After fleeing alone to Newfoundland, Ukrainian boy begins Grade 11 in 'second home'

ST. JOHN'S, N.L. — In many ways, Serhii Semenets is like any other 17-year-old starting Grade 11 in Newfoundland this week. He likes playing guitar, he struggles with Shakespeare, and his ideal dinner is a plate of poutine.

But unlike most kids at Holy Heart of Mary High School, in St. John's, Semenets is 6,000 kilometres away from his family; he last saw his mother 16 months ago. Weeks after Russia began its attack on Ukraine last year, Semenets's mother hurried him onto a bus to Warsaw, Poland, just in time for him to board a plane to Newfoundland. He got on the plane by himself; his mother returned to the war.

"It was a little bit hard to say goodbye," Semenets said in a recent interview. "Because you're going to another country without your family and you don't know when you will come back."

Russia invaded Ukraine on Feb. 24, 2022. Shortly after, the Newfoundland and Labrador government announced it would open an office in Warsaw to help fleeing Ukrainians relocate to Canada’s easternmost province. Over the next nine months, the government chartered four flights to carry Ukrainians from Warsaw to St. John’s.

More than 2,400 Ukrainians have since settled in more than 30 communities, the province's Association for New Canadians has said. About 640 Ukrainian students are enrolled in kindergarten to Grade 12 schools across Newfoundland and Labrador this year, according to the provincial Immigration Department.

Semenets arrived on the first plane, on May 9, 2022, with about 165 other Ukrainians. He moved in with a woman he had not met before: Kelly Power, who used to work at a pharmacy with Semenets’s older sister. Shortly after Russia began its assault, Semenets’s sister asked Power if she would take in her little brother.

“I have no regrets. Not one regret,” Power said in a recent interview, her eyes filling up as she sat beside the teenager. Power said Semenets’s family recounted that shortly before his 17th birthday, officials from the Ukrainian army came looking for him, wanting to conscript him into the army the day he turned 18.

But he was already safe in St. John’s, living with Power and her 26-year-old son.

In the airport when he arrived in May, Semenets was shy and reserved, avoiding the journalists who gathered to report on the flight. But on a recent afternoon in downtown St. John's, he looked at least six inches taller, towering above Power in a black hoodie and with chin-length black hair. After a year of school and English tutoring, he spoke confidently, opening up about the ways the people in Newfoundland — like Power and his teachers — have made him feel welcome.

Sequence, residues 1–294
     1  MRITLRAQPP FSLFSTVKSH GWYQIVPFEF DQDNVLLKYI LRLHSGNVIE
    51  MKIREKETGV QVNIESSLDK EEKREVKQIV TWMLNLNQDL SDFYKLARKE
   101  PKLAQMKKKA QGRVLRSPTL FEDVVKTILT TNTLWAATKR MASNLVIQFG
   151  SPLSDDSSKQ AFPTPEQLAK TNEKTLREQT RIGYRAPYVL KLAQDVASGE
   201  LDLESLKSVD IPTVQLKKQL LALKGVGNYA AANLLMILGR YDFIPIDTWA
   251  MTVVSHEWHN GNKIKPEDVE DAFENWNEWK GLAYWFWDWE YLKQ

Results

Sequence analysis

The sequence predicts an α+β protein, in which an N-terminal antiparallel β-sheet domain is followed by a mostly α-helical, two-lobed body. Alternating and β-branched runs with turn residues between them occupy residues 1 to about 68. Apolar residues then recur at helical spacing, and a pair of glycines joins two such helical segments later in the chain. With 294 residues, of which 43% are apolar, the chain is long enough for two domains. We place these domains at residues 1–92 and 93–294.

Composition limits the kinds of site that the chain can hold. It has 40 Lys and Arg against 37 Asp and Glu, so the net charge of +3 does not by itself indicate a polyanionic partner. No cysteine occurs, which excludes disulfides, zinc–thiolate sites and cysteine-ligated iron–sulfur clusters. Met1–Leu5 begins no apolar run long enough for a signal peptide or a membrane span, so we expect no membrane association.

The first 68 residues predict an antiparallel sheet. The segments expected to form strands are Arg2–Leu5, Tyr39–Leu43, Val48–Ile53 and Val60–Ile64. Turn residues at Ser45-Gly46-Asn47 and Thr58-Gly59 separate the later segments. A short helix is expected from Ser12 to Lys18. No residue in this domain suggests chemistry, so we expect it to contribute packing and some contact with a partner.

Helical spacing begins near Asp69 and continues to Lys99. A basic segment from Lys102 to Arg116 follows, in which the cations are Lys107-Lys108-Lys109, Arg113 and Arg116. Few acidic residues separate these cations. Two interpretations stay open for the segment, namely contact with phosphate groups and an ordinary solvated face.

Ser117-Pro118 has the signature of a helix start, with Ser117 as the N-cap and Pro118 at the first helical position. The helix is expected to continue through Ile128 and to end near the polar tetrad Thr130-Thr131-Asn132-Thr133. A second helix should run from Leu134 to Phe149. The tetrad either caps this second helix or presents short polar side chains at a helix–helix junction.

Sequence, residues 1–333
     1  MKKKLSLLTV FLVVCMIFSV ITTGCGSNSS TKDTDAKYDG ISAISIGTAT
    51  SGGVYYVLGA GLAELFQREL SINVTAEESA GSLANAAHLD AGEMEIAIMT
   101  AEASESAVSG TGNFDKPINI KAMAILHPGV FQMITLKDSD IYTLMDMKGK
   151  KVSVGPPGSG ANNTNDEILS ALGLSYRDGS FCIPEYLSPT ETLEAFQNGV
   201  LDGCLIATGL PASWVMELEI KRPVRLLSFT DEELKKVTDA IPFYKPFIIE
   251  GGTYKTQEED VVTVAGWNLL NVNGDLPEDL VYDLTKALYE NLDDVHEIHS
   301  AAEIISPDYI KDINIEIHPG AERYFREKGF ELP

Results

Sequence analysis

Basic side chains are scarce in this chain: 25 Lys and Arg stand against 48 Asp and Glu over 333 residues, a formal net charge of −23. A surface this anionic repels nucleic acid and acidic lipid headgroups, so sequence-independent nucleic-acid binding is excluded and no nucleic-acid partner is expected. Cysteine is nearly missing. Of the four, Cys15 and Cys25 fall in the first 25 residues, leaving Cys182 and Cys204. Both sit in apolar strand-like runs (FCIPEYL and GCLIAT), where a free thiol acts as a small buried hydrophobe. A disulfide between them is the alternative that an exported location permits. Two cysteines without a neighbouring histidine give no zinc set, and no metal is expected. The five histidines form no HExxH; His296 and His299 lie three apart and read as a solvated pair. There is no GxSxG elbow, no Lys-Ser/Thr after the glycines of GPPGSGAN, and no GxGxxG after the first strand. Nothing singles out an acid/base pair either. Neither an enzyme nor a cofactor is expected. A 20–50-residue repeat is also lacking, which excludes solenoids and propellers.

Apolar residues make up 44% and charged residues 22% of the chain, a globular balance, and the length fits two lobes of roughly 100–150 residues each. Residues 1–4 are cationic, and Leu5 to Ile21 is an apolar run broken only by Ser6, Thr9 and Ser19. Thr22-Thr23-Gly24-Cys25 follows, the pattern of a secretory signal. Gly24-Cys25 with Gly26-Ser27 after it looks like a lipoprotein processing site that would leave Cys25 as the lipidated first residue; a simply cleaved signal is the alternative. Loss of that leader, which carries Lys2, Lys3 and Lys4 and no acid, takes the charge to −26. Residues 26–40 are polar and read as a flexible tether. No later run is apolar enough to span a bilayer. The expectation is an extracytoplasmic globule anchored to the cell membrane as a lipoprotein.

He gave a particularly enthusiastic review of Christmas in his "second home." Power showered him with gifts and made him a holiday meal of poutine and orange cheesecake — a nod to the importance of oranges in Ukrainian Christmas celebrations.

Power, he said, "has given me everything I need to be at home."

Semenets and Power are close. They have shared jokes, and they jostle each other affectionately when they talk about his messy room.

"He's like my second child now," Power said. "After my son graduated, I never thought I'd be back at parent-teacher meetings or getting ready for school and fighting to do homework. But we're doing it. We're rocking it."

In the middle of the interview, she stepped away to take a phone call. It was someone in Ottawa confirming that his passport application had arrived. She’s trying to send him to Italy in November for a visit with his mother.

Getting his passport in order — and his work permit, health card and other official paperwork — has been difficult, she said. Canada has welcomed Ukrainians and granted them temporary residency status and work permits, but Semenets's arrival as an unaccompanied minor has added bureaucratic delays.

He started Grade 10 last September in downtown St. John’s. There are about a dozen other Ukrainians at his school, and they support each other to navigate a new school in a new language, he said. Teachers have provided the students with tests and assignments translated into Ukrainian to help them out.

He was nervous when he started last year, but not this year, he said. His English is much better and he knows what to expect. He has a core group of five Ukrainian friends, and they like to go walking around the city.

"It's very beautiful nature here," Semenets said, adding that he especially likes hiking to the top of Signal Hill, which looks over downtown St. John's and out over the ocean.

He and his friends don't often talk about what they've been through, he said.

School is easier in Newfoundland than it is in Ukraine, Semenets said, explaining that there are fewer classes in Canada and therefore less homework. With more time on his hands in St. John’s, he got a part-time job at a grocery store.

He regularly video chats with his mother and father back home. They’re safe, "but it's hard to say 'safe' when you're living in Ukraine," he said.

His friends from Ukraine are now scattered across Europe, and due to the time differences, he wakes up at 5 a.m. to text and message them.

It likely won't be safe for Semenets to return home before he turns 18, he said. In the meantime, he wants to keep working and save money for when he finally can go back to Ukraine. He misses home, but he's happy in St. John's.

"I am not living a very hard life here, because Kelly makes it easy for me," Semenets said. "I'm living with a beautiful family who helped me with everything. I don't have a very hard life."

This report by The Canadian Press was first published Sept. 6, 2023.

Sarah Smellie, The Canadian Press